EU Renewables Directive: Good but Could be Better

by Ship & Bunker News Team
Wednesday September 13, 2023

Energy NGO Transport & Environment's take on the European Union's updated Renewable Energy Directive (RED III) says that it's good but could be better.

For shipping, the directive relates to Renewable Fuels of Non-Biological Origin (RFNBOs) which is an umbrella term for all gaseous and liquid renewable fuels not relying on biomass.

RFNBOs are best suited to those sectors of the economy where direct electrification is not feasible.

According to the directive, RFNBOs need to account for at least 1% of all fuels used in the transport sector by 2030. Because of their higher cost, they can be double counted (plus an 1.5 multiplier for shipping and aviation) to go towards that target.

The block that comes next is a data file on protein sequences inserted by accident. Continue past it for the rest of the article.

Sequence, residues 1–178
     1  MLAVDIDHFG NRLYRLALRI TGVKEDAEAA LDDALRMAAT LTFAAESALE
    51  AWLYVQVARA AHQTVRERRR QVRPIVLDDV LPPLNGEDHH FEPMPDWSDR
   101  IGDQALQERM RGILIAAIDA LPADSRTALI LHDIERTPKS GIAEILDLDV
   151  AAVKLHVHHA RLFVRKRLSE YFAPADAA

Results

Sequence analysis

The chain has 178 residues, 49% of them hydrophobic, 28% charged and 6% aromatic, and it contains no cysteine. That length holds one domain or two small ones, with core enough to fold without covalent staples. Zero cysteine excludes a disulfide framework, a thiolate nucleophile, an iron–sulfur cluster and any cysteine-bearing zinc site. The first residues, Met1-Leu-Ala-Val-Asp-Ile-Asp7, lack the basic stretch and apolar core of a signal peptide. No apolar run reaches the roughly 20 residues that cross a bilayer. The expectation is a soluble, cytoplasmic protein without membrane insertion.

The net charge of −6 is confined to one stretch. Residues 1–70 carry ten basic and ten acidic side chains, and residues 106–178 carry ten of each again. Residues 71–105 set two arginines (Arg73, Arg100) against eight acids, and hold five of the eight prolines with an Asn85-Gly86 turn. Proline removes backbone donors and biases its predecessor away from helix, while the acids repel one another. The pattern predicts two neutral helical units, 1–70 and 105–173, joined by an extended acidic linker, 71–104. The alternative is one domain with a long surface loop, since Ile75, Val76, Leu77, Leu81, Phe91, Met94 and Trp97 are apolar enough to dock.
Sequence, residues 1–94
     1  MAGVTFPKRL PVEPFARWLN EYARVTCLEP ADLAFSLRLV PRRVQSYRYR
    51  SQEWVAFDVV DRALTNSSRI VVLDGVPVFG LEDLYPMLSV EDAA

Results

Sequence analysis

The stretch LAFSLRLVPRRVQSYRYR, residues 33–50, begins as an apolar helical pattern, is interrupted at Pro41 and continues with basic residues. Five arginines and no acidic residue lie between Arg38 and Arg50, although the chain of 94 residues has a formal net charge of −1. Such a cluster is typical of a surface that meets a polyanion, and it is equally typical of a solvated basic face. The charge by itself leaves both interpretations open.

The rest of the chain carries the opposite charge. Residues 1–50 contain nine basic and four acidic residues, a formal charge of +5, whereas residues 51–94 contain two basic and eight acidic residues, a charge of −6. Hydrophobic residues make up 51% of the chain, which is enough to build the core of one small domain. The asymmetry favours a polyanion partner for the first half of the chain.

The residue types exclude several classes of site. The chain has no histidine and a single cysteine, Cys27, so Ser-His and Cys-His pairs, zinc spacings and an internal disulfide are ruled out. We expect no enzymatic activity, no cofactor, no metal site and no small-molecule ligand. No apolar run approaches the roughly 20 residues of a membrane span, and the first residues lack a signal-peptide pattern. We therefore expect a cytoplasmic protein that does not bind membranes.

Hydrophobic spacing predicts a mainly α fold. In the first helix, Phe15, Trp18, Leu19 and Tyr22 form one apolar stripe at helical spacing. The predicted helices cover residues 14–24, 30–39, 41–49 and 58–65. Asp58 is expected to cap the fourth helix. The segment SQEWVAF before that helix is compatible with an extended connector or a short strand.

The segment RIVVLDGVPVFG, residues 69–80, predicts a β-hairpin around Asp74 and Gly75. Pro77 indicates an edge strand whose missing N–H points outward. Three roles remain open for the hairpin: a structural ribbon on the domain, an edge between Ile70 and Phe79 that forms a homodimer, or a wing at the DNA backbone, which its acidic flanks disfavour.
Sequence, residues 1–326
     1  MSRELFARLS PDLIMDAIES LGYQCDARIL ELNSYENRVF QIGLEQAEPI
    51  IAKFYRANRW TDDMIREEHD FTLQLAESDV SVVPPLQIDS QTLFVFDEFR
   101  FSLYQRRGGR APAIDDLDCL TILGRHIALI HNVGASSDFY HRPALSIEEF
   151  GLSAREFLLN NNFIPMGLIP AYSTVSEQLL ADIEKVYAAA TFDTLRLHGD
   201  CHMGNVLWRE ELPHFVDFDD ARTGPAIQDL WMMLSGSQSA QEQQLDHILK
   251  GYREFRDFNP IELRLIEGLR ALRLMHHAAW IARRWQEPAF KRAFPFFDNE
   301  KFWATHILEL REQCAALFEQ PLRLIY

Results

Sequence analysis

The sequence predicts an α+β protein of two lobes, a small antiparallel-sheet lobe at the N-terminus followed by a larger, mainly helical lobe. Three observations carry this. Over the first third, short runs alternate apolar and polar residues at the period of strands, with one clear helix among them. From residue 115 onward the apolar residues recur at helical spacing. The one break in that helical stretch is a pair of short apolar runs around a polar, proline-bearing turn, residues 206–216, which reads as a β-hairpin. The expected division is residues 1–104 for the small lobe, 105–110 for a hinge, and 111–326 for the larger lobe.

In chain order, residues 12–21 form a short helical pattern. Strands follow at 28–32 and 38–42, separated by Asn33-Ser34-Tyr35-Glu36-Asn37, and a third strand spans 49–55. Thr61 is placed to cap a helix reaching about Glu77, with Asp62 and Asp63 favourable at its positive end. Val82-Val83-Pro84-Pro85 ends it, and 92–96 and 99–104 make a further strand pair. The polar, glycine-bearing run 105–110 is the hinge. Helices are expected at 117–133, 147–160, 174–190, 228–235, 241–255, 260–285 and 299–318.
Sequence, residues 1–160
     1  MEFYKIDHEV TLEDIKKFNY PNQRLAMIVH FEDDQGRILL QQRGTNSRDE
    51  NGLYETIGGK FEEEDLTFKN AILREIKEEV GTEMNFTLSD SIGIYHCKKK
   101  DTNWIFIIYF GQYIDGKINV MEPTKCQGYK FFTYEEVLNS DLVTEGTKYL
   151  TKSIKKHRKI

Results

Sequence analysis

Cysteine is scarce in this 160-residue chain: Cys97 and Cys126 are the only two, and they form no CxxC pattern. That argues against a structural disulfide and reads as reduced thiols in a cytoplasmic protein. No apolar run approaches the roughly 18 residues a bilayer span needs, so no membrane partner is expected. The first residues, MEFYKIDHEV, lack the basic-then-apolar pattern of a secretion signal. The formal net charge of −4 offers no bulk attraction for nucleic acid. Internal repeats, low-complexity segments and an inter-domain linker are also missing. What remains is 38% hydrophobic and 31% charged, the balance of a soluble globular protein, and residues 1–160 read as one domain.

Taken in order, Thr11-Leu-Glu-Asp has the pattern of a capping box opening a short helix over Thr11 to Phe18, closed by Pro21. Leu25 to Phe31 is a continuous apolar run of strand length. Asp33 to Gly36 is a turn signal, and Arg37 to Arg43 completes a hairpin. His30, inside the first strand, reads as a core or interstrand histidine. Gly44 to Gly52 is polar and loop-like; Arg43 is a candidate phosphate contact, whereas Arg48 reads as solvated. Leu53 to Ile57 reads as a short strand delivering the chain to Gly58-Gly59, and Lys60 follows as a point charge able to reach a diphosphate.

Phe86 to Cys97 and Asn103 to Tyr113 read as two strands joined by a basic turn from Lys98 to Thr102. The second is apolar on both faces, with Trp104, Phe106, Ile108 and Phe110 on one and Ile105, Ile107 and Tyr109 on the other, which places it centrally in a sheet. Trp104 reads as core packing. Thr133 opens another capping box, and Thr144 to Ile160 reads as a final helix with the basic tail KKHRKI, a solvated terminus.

This means that the actual use of RFNBOs will be less than the target suggests, T&E said.

RED III now includes a non-binding sub-target for 1.2% of the shipping fuels sold in
a country to be RFNBOs. Given the impact of the multiplier "this is less ambitious than it seems", according to the environmentalist.

"For the shipping industry, there is only a binding obligation to use 2% RFNBOs in 2034, but whether this obligation comes into force depends on a number of factors (price of RFNBOs, sufficient production capacity, etc.)."

Given the above, T&E is arguing for two changes to the non-binding 1.2% target for RFNBOs in shipping: that it must become a binding obligation and that the level of ambition is increased.